Flowery Friday.

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I didn’t quite realize it before we moved in last summer, but our new home is situated on a property containing a delightfully large number of apple trees.  There appears to be several different cultivars. I have no idea what they are (it’s a bit easier to narrow the ID on them when they fruit!), but what a treat to see them blooming right now.  The sight – and lovely sweet scent! – makes me smile each time I head out the door.

Which fragrant flowers in your garden are your favourites?

 

Flowery Friday.

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One of my favourite sights of spring: larch trees in flower. The upright pink ones are the elegant, showy females in their rosy party dresses – the males are the compact pollen-bearers, in tidy yellow-brown suits, clinging to the undersides of the branches.  You can see a couple of females and a male in this photo I snapped late last week.

Fun and interesting facts about rhubarb.

A fresh new look at one of my most-visited posts at this time of year…scroll to the end of “Fun and Interesting Facts about Rhubarb” for a fun treat! And don’t forget to let me know your favourite rhubarb recipes!

Flowery Prose

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The rhubarb in the community garden is absolutely monstrous this year – it shot up so quickly I barely had time to blink during the transition between fat sprouts to gargantuan wide leaves and thick, harvest-ready stalks.  I’m dreaming about the rhubarb cake I am going to bake….

Rhubarb gardeners will know most of these fun facts, but if you’re new to growing (or eating!) it, you might enjoy this little list of rhubarb trivia:

  • Rhubarb is in the Polygonaceae family, which includes buckwheat and sorrel.
  • Rhubarb’s binomial name is Rheum rhabarbarum – the specific epithet is from the Latin and means “root of the barbarians.”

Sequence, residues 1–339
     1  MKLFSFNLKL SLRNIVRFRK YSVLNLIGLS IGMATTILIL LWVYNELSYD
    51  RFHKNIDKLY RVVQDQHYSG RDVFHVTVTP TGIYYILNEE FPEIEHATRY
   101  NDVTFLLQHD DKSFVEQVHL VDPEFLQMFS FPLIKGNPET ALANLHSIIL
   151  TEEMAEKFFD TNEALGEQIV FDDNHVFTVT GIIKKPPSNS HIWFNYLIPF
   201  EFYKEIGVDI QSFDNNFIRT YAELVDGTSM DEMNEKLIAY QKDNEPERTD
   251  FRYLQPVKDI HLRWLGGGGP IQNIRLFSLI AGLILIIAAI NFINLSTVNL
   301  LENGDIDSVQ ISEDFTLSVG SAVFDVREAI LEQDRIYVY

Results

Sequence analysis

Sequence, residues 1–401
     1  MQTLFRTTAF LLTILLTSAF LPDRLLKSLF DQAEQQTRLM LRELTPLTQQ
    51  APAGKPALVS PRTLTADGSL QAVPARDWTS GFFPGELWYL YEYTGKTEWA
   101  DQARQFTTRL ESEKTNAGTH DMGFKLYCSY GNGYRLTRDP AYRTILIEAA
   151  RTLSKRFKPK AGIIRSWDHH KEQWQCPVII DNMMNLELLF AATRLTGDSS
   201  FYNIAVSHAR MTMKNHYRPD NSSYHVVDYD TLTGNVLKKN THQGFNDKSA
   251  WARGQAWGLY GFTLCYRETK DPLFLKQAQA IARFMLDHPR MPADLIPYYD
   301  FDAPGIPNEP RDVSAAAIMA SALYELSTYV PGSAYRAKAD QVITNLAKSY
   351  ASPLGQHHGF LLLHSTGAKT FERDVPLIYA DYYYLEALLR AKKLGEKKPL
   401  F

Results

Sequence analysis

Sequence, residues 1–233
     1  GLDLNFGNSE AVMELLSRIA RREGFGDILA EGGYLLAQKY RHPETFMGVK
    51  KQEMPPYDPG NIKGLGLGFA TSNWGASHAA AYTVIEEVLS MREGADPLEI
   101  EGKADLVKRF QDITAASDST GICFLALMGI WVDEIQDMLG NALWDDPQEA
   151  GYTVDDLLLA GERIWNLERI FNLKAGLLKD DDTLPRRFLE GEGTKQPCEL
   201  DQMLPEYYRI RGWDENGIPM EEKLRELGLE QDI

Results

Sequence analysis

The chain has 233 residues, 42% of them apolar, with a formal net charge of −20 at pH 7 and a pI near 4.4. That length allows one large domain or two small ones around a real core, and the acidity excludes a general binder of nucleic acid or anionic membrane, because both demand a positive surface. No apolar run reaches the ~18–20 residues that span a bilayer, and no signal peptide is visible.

• Rhubarb leaves are poisonous, chock full of more oxalic acid than humans and animals may safely consume.  Small amounts of oxalic acid are found in the stalks, which we eat – the acidity gives rhubarb its “tang.”  (You’ll find small amounts of oxalic acid…

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Tuesday tidbits.

A lightning round of links to explore this week:

The largesse (largeness?) of spring.

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Infinity is just so big that by comparison bigness itself looks really titchy.

~Douglas Adams, The Restaurant at the End of the Universe 

O riotous spring!  My hayfever has hayfever, and the three of us (because of course the two hayfevers are their own monstrous entities) have a cold on top of it all.

But it’s cause for celebration! Why, you may ask? Well, let me tell you:

  1. I’m fairly certain I’m a walking medical miracle. I mean, hayfever + hayfever + cold and I’m still functioning-ish? My allergist needs to get on publishing that research – he could be retiring to the Caymans in no time.
  2. Although it’s probably reasonable to state that we had a more “accurate” winter than we usually do (lots of cold and snow versus a ton of Chinooks and dry, exposed earth), it felt impossibly huge and long and draggy and we. are. officially. (probably. sort. of. maybe). done. with. it.
  3. The photo says it all. The Prairie crocuses are blooming like mad all over the sunny slopes and despite the incessant sneezing and sniffling, life is pretty awesome.

 

Alberta snapshot: Yamnuska Wolfdog Sanctuary.

If you’ve been following Flowery Prose for a while, you may remember that in July of 2016 my brother, my hubby, and I took a trip out to the Yamnuska Wolfdog Sanctuary, near Cochrane, Alberta. We had such an amazing time on the interactive tour that we decided to go again in early March of this year.  What a treat!  The wolfdogs were still sporting their fluffy winter coats and the absence of green grass and leaves on the trees gave us a different perspective than we had in the summer.  The Sanctuary has taken in more wolfdogs since we were last there, and staff and volunteers have built more enclosures to comfortably house them.

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The ravens love to steal the excess treats from the wolfdogs. The birds and wolfdogs are very tolerant of one another…aside from an occasional bit of stink eye.  😉 

We did the interactive tour once again and had a blast feeding and meeting some of the beautiful residents of the Sanctuary, as well as learning more about wolfdogs and the unfortunate reasons a rescue like this is so badly needed.  The highlight of the trip, however, was when the wolfdogs all spontaneously set up a chorus of howling, joining together to sing for us.  My brother was quick on the draw with his cellphone and he generously allowed me to share with you the audiofile he recorded:

Audio courtesy D. Mueller.

So wonderful!  If you’re interested in learning more about – and/or supporting – the work that the Sanctuary does, click here.  If you plan to travel in this part of Alberta, it’s a highly recommended stop – the staff are incredible and it is guaranteed that you will totally fall in love with the wolfdogs. ♥

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